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the Complete Review
the complete review - music

     

Big Noises

by
Geoff Nicholson


general information | our review | links | about the author



Title: Big Noises
Author: Geoff Nicholson
Genre: Music
Written: 1991
Length: 228 pages
Availability: Big Noises - US
Big Noises - UK
Big Noises - Canada
  • Rock guitar in the 1990s

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Our Assessment:

A- : brief vignettes about rock guitarists, very well done

See our review for fuller assessment.




The complete review's Review:

       Fearlessly Geoff Nicholson wrote this book about Rock Guitar in the 1990s in 1991. In it he presents thirty-six "appreciations" of thirty-seven guitarists (Sonic Youth's Thurston Moore and Lee Ranaldo are the twofer). Each appreciation is a mere three or four pages long, and includes a picture and a selected discography. The collection is prefaced by an introductory essay, proceeds alphabetically with the guitarists, and concludes with "One Hundred more Mighty Guitar Moments".
       It sounds like a book that could only interest the true guitar fanatic, but it is an entertaining little book with a broader appeal. More entertaining, in fact, than Nicholson's fictional homage, Flesh Guitar (see our review).
       Nicholson begins with "A Case-History", a faux-movie scene that finds him a patient on the couch, with Dennis Hopper playing the psychiatrist. It is a short, playful introduction, in which Nicholson explains and makes his excuses -- how he made his selection, and why, and the difficulties writing such a book presents. Authors explaining themselves and their work generally prove tiresome; not Nicholson, not here. Witty, clever stuff, just short and long enough, Nicholson, the great master of the novel about obsession, lays bare his own obsession here.
       The appreciations are arranged alphabetically, and the first one is -- Derek Bailey ? Gutsy move right there on Nicholson's part, beginning with a guitarist who -- so Nicholson in 1991 -- "has yet to make his MTV debut". (We suspect he's still waiting for it, ten years later.)
       In three or four pages Nicholson sketches each guitarists background, musical influences, style, accomplishments. He does so effortlessly and wittily -- there's barely a weak sentence or banal description (at least none that Nicholson himself isn't aware of and doesn't acknowledge). A few anecdotes, clever personal asides, some highlights (and some lowlights) from the guitarists in question -- these are surprisingly fully realized little pieces. These aren't jottings -- this is rich (but not heavy) stuff.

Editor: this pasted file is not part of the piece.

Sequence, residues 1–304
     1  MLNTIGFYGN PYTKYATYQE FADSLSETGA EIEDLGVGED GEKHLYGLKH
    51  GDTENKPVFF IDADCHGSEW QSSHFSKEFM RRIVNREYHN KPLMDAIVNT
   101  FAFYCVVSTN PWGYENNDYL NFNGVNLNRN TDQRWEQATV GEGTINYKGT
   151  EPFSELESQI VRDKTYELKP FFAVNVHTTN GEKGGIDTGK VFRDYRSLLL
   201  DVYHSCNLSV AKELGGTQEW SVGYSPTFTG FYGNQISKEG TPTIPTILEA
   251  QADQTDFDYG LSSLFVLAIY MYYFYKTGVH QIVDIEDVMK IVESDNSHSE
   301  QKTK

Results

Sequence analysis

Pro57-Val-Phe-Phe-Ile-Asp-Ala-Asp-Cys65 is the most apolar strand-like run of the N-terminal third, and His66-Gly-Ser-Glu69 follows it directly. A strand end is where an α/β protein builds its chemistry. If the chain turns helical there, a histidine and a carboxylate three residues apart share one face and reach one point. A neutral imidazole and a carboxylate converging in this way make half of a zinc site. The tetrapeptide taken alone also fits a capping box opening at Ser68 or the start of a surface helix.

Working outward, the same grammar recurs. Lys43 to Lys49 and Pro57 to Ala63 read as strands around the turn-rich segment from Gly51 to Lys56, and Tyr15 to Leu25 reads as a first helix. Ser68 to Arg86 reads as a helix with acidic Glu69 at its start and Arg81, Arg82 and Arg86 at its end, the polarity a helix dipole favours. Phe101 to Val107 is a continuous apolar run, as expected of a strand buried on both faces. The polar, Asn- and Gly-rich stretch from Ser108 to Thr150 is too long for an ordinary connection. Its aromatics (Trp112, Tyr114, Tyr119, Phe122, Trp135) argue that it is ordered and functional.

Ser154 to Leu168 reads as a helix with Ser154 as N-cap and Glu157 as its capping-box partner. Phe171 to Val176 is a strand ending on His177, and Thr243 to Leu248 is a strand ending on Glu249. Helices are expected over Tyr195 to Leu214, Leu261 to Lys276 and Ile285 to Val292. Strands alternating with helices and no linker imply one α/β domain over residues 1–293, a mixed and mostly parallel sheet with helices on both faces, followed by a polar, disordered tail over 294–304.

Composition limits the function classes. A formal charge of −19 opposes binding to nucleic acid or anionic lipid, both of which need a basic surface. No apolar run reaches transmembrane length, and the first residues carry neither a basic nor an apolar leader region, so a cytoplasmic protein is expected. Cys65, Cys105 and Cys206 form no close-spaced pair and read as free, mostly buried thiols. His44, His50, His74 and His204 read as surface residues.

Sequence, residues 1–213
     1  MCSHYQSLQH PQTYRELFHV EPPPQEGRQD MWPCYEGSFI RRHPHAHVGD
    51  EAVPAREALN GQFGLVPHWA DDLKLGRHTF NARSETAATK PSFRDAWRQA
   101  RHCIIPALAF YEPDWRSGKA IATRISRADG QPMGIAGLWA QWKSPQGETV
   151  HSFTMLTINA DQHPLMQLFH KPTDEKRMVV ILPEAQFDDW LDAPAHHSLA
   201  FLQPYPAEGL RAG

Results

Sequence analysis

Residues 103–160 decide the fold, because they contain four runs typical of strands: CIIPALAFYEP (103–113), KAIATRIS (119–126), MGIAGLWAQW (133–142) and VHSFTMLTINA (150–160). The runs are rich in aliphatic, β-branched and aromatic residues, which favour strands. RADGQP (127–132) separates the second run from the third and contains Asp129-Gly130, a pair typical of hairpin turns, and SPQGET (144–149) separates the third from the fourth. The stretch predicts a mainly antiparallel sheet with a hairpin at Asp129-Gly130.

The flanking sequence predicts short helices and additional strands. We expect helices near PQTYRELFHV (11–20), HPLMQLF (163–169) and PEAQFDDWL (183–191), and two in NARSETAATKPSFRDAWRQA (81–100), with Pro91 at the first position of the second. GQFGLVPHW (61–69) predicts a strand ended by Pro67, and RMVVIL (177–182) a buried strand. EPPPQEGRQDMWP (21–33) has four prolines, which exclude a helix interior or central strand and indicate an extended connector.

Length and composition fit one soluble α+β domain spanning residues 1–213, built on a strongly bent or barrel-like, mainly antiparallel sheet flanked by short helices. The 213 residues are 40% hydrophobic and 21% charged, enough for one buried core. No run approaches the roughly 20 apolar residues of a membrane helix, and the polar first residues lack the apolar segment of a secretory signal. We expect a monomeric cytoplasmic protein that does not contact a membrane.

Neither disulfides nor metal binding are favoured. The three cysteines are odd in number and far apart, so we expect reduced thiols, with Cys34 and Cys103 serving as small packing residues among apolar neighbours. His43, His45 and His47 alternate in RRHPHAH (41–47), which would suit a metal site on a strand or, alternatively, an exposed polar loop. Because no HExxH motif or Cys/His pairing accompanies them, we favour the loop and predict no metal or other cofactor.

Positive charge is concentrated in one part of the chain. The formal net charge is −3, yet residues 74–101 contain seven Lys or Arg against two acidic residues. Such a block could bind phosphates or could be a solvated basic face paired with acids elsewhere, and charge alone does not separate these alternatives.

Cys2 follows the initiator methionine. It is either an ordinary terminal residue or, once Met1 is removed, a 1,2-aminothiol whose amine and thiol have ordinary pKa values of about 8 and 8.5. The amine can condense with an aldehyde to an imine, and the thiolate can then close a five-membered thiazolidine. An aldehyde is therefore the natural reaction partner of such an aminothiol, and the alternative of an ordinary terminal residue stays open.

Nicholson always admits to the subjectivity of his undertaking. It's personal opinion and personal experience that are decisive -- but Nicholson knows his guitar players and has apparently listened to more of this music than one might imagine is possible. Fortunately, he is not only a fan, but truly a knowledgeable aficionado. And fortunately he is not a mere critic. He points to the guitarists weaknesses where necessary, while acknowledging strengths that are not always redeeming. Yngwie Malmsteen seems to him "the world's worst major guitarist, and living example of just how good you can be without being any good at all."
       The summaries are to the point -- cutting to the quick, but generally with a gentle touch. Surprisingly, there is little repetition -- how many ways can guitar playing be described ? one wonders at the beginning -- and Nicholson brings almost all of the guitarists to life.
       Nicholson pays due homage to the history of guitarists past, not getting caught up in a single style or period. From hard rock to experimental to blues, every style is represented. Grand masters such as B.B. King, Jimi Hendrix, Frank Zappa, Neil Young, Edward (sic) Van Halen, Carlos Santana all get their due. A number of lesser known names also find their way into the collection, making for useful and interesting diversity.
       Naturally, one can disagree with much of what he writes -- his choices of guitarists, his estimation of them, his likes and dislikes -- but Nicholson makes a good case for everything he writes. Surprisingly, the book and the appreciations still stand up well a decade after he wrote them (as most pop music criticism, for example, most definitely does not).
       Nicholson is in top form here. It's hard to shape this material in an interesting way, but Nicholson manages. His sentences are expertly crafted, the wit dosed just right. It's an impressive effort, doing what it sets out to do very well. Certainly recommended.

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Links:

Geoff Nicholson: Other books by Geoff Nicholson under review: Other books of interest under review:
  • See Index of Contemporary British fiction

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About the Author:

       English author Geoff Nicholson, born in Sheffield in 1953, has written a flurry of novels. He lives in Los Angeles.

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